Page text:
Symbolism In The Play Ghosts By Henrik Ibsen

841 words - 3 pages


In his play “Ghosts';, Ibsen forces the reader to think about his own ideas and believes, as well as those of society and past ages. Symbolism is one technique repeatedly used to portray the author’s ideas through rain, light, fire, the orphanage, Oswald, and through Engstrand himself. The use of religion is also interesting in the way the town people and Pastor Mander uses it.
     There are many symbols present throughout Ibsen’s work. Rain is used as a symbol of the cleansing of evil and impurities. Outside of Mrs. Alving’s home it remains rainy and stormy until she faces the truth about her husband. The rain washes away the disguises so that the truth may be seen. Generally when this takes place the sun, another symbol, rises, revealing the reality of the situation. Mrs. Alving said, “And there we are, one and all, so pitifully afraid of the light'; (271). All the characters are afraid to face reality, especially Mrs. Alving, represented by the light. Fire is yet another symbol Ibsen uses. When Oswald comes downstairs with Alving’s pipe, he recalls an incident when he was given a pipe in his youth. Young Oswald smoked until he became sick. This is a foreshadowing of his illness, another sickness caused by careless actions. Another example of fire is seen when the orphanage, built in honor of Alving, is burned (287). The fire creates a symbolism that represents the truth, rising quickly and devouring all illusions. However, when the fire is extinguished, the fantasy world is up in smoke and all that remains are the painful ashes of the past.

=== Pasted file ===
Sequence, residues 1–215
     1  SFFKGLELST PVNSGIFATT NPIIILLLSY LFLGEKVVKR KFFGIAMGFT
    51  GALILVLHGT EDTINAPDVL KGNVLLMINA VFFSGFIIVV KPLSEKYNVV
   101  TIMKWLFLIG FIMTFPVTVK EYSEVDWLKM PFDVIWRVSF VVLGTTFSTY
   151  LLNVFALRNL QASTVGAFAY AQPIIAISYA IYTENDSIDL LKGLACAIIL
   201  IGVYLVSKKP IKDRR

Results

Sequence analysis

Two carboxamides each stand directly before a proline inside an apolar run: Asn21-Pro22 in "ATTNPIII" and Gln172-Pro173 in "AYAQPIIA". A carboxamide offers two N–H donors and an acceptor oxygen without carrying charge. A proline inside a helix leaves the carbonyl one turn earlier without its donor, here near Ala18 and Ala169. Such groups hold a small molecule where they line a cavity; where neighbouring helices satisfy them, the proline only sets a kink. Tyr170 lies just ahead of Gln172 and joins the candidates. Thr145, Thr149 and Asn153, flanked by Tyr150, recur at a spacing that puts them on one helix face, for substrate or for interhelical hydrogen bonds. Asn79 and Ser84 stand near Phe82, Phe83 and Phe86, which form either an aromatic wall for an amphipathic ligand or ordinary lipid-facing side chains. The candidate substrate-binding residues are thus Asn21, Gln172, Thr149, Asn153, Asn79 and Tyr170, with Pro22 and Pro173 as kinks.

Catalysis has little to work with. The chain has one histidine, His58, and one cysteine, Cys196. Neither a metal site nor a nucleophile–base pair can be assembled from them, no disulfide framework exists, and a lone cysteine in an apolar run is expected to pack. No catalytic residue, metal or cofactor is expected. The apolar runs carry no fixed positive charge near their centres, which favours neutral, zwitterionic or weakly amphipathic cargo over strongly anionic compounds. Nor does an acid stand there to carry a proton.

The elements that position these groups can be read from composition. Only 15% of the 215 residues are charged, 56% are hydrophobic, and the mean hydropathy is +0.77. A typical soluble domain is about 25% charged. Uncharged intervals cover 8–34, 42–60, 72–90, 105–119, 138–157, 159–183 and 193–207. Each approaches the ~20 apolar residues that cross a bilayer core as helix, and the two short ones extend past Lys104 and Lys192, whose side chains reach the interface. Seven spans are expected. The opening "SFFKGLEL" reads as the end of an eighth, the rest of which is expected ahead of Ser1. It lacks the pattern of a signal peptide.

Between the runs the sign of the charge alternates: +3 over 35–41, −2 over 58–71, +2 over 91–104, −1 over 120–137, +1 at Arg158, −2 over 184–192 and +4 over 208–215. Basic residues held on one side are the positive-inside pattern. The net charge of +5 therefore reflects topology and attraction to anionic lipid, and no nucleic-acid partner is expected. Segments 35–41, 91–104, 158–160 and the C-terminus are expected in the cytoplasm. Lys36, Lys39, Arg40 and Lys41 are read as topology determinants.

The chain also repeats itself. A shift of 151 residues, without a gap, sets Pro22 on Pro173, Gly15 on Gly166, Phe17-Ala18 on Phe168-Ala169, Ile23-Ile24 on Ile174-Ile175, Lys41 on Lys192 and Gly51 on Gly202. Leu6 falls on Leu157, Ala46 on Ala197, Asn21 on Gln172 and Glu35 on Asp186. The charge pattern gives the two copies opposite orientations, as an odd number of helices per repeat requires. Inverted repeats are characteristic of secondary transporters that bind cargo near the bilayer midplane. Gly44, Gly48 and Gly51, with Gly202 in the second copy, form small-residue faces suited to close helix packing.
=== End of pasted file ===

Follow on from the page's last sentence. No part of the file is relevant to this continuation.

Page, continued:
The orphanage is used as a subtle symbol for the illusion created by Mrs. Alving. The brothel, Captain Alving’s Home, symbolizes the reality of his life. In the end however, the truth is made known about both by the burning of the orphanage (287), and the brothel taking its place. These two actions illustrate the awakening from illusion to reality in the play. Oswald can also be seen as a main symbol. He is ignorant of the truth, giving him a false sense of innocence. He seems to have some power to stand up for his own beliefs, something his mother lacks. Oswald, is used to represent the truth of his situation which is hidden in is past. His illness and his wanting to die illustrate this idea. A final symbol used throughout the play is that of Engstrand. He represents society as a whole. Engstrand has a crippled leg; yet he says about his ethics he has “two...

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